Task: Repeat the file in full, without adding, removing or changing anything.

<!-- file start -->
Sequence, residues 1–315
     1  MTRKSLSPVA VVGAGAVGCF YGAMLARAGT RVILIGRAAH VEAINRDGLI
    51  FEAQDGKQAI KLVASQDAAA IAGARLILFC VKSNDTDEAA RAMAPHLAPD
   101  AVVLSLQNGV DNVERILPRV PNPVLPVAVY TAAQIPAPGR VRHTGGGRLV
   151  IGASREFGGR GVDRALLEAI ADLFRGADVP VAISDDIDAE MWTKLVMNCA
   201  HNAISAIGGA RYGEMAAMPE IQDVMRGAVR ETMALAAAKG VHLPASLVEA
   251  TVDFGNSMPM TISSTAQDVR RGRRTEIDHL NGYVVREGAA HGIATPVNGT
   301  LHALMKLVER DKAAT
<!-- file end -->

Sequence, residues 1–315
     1  MTRKSLSPVA VVGAGAVGCF YGAMLARAGT RVILIGRAAH VEAINRDGLI
    51  FEAQDGKQAI KLVASQDAAA IAGARLILFC VKSNDTDEAA RAMAPHLAPD
   101  AVVLSLQNGV DNVERILPRV PNPVLPVAVY TAAQIPAPGR VRHTGGGRLV
   151  IGASREFGGR GVDRALLEAI ADLFRGADVP VAISDDIDAE MWTKLVMNCA
   201  HNAISAIGGA RYGEMAAMPE IQDVMRGAVR ETMALAAAKG VHLPASLVEA
   251  TVDFGNSMPM TISSTAQDVR RGRRTEIDHL NGYVVREGAA HGIATPVNGT
   301  LHALMKLVER DKAAT